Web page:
No photos or videos were allowed during the performance, but I had to satisfy a grandmother’s need to capture memories of the baby ballerinas, so proud and happy in their tights, tutus and traditional ballerina hairdos. Saturday the dancers were waiting for parents outside after the performance.

The crowds and movement had me clutching my hiking stick, trying to keep my balance while absorbing the energy, color and joy of the children involved in the event. Husband Walter captured the photos of the sisters after Charlie’s performance on Saturday. He does such a good job.
Stella releases pent-up energy after an afternoon of watching, not doing, ballet.

Ballet friends

Sarah and daughters end a day of dance.
I liked this back view of our daughter-in-law Sarah, left, and our little bunheads Stella and Charlie. I almost edited out the term “bunhead” after a check of definitions in the Urban Dictionary

Most were far from positive. But the first part of the following definition, not the snobbery part, was definitely my meaning.

Bunhead: term for a ballet dancer, either used affectionately or used to imply a degree of snobbery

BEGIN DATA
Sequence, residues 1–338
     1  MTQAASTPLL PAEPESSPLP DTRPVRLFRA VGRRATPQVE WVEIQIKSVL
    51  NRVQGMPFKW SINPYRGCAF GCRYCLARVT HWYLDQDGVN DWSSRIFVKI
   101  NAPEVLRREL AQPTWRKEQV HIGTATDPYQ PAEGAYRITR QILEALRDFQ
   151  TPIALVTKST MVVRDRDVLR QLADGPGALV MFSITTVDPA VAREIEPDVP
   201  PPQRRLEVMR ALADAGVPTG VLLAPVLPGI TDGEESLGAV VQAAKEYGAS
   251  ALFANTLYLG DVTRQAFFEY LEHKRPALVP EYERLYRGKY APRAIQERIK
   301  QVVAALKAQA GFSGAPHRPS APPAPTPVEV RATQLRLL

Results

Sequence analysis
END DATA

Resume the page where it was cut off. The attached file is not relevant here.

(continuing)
Sunday came with rain for Stella’s performance, eliminating the opportunity for photos immediately after the performance. I managed to capture a few snaps of her in her tutu as soon as we all arrived back at their home.
A proud Stella poses in her ballet attire.

I was amazed that ballet had evidently melted her former reluctance to smile for a photo or even look at the camera. After both Charlie’s performance Saturday and Stella’s Sunday event, this formerly camera-shy granddaughter turned a friendly face to the camera.
 Stella smiles.

 Another smile for the camera

I love close-up images, especially of flowers and grandchildren. The images of flowers are so much easier for me to capture than those of active youngsters. But even so, my grandchildren are the favorite images in my emotional flower garden. All the photos except of Stella after her Sunday performance are Hubby’s shots.
 Stella close-up

 Charlie close-up

Thursday, June 20, 2013

My blogging timeliness, or lack thereof

I have moaned and whined on this blog before about getting behind in my posting and in visiting my favorite blogs. Well, I was tempted to fret over my failure to post about Father’s Day on Father’s Day.

Although it does take me longer and is a bit more difficult to post than it was before my stroke two years ago, my pattern of missing self-imposed blogging deadlines has been present ever since I started blogging in November 2009.